Even Words Not Spoken Break Silence: Writing to Reclaim, Heal & Transform
4:00 p.m. Workshop
5:30 p.m. Performance
Copper Queen Library
6 Main St, Bisbee, AZ 85603
The month of April shares a powerful duality, recognized as National Poetry Month, April is also a time to raise awareness around sexual assault and violence. It is fitting that the month used to honor artistic expression of word also shares space with the work to raise and uplift voices of survivors. Join spoken word artist, Leilani Clark, as she shares her journey using writing as a method to heal from trauma, validate her truth and break through silence. Strategies will be explored to transition written word to spoken word and build confidence in stage performance and personal story telling.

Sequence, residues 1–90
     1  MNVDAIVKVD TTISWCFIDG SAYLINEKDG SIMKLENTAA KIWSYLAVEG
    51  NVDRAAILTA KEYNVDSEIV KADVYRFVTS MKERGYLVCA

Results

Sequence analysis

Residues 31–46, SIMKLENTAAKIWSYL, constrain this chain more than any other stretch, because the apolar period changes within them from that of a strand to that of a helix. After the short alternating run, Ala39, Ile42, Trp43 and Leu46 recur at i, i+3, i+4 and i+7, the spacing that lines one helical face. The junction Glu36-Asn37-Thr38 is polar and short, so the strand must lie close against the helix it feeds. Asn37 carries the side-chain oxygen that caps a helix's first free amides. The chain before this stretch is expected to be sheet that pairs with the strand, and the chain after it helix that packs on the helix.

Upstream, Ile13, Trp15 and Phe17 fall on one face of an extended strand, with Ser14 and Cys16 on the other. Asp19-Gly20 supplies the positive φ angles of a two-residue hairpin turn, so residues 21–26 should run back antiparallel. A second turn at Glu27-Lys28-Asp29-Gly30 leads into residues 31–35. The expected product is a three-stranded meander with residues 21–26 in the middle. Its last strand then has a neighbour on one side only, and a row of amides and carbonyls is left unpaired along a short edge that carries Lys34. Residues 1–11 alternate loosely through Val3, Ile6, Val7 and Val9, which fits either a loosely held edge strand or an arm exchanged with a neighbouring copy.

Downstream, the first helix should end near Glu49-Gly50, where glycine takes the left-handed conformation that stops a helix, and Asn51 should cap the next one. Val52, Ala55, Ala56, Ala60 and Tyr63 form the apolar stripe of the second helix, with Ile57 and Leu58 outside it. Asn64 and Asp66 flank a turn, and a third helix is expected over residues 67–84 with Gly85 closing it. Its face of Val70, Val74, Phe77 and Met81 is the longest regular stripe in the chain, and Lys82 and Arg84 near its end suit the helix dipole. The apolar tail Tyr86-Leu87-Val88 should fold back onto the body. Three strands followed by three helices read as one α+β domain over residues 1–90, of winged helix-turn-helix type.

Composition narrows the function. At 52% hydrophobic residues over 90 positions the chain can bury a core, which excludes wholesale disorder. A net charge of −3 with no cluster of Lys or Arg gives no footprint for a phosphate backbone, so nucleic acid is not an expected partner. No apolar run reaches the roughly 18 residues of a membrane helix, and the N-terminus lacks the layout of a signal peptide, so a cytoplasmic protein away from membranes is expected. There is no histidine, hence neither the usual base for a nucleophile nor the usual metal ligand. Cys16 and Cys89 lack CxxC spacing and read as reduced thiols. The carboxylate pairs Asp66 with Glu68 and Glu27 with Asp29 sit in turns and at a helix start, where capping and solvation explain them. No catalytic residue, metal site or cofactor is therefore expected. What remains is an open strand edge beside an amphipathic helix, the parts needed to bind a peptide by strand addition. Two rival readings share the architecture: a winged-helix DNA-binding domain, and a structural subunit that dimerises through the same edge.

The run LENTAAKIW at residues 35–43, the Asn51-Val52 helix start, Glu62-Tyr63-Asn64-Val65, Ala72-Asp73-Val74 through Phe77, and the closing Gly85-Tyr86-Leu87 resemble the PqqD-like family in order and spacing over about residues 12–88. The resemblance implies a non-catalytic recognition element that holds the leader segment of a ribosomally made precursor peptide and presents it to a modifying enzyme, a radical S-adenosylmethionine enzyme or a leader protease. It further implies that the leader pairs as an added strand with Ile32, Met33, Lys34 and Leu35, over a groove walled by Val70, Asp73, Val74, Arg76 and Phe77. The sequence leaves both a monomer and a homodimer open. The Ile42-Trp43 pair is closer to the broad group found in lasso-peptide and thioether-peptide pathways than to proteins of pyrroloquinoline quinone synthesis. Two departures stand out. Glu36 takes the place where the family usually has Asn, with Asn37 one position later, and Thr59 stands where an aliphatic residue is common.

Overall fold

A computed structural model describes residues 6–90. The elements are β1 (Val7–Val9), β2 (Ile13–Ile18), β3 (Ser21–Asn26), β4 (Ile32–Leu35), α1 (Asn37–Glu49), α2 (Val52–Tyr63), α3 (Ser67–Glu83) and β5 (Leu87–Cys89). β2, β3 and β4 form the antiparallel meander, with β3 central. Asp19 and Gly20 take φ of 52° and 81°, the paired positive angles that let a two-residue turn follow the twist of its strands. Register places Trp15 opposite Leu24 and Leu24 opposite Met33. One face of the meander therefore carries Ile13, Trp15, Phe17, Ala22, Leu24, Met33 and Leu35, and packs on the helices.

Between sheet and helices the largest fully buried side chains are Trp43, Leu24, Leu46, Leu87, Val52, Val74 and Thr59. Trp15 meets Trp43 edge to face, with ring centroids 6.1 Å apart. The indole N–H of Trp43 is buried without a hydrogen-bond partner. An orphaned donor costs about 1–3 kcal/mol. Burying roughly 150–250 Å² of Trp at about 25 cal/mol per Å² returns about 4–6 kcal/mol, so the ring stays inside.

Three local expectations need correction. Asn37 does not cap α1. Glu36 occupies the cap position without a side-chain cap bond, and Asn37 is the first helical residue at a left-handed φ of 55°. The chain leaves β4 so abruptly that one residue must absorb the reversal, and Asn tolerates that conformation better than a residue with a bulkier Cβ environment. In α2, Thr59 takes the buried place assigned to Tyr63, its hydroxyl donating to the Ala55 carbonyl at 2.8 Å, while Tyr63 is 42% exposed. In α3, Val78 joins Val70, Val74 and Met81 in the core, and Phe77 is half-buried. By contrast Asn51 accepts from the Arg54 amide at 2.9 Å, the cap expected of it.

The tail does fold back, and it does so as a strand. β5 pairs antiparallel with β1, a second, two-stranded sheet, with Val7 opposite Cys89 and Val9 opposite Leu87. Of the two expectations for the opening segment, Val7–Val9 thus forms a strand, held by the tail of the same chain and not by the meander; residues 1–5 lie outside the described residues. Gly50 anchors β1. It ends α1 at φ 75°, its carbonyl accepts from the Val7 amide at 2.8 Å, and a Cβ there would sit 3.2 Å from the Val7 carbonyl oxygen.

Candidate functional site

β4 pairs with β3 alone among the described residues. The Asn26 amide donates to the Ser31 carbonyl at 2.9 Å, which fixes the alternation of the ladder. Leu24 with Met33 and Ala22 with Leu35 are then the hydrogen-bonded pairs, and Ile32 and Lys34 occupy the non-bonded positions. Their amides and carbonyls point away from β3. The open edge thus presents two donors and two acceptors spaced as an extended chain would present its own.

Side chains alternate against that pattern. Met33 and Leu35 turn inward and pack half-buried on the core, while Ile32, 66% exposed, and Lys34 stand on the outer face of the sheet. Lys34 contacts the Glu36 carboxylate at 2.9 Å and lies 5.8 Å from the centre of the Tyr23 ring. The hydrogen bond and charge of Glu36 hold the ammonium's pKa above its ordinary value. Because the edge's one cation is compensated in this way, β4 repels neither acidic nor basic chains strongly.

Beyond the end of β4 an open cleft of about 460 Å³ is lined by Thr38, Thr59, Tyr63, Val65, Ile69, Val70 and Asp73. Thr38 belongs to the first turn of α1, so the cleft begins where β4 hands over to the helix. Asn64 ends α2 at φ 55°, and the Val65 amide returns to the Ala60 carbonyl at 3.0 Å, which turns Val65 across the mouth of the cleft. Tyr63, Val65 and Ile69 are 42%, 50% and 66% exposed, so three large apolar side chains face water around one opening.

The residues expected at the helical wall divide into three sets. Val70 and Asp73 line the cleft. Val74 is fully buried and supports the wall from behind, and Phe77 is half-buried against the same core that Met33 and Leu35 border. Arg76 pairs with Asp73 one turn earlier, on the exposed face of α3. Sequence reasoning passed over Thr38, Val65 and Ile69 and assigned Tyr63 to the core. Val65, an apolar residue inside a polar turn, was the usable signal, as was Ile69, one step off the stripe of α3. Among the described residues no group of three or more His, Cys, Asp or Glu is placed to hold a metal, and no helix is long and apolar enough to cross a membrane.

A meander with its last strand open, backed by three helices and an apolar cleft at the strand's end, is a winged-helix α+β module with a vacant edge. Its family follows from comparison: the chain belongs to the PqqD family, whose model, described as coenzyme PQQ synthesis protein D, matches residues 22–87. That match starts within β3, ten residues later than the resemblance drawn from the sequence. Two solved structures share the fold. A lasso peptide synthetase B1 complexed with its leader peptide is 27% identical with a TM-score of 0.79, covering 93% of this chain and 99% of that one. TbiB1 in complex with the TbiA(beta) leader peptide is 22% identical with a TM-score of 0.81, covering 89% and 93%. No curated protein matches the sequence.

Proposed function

Leilani Clark is a native-born Tucsonan of Native (Diné/Santa Clara) and African American heritage. She is a community organizer and activist who has been involved in the Immigrant Rights Movement and fight to preserve cultural education in public AZ schools before, during and after the 2010 signing of anti-Migrant bill, SB 1070, and anti-Ethnic Studies bill, HB 2281. Leilani’s political analysis further broadened around gender equality after surviving sexual assault and an oppressive rape culture of silence and victim-blaming. In 2013 Leilani began dabbling in the art of spoken word to confront silence around gender violence in movement spaces and in 2014 she relocated to Las Vegas, NV where she further explored the art of slam poetry. Leilani fired up the local Sin City open-mic scene, regularly performing poetry, music and previously co-hosting Las Vegas’s longest running weekly open-mic, “The Human Experience.” The winds recently brought her back to her hometown and she’s been actively using the art of slam poetry to convey messages of cultural pride, social justice, healing and empowerment.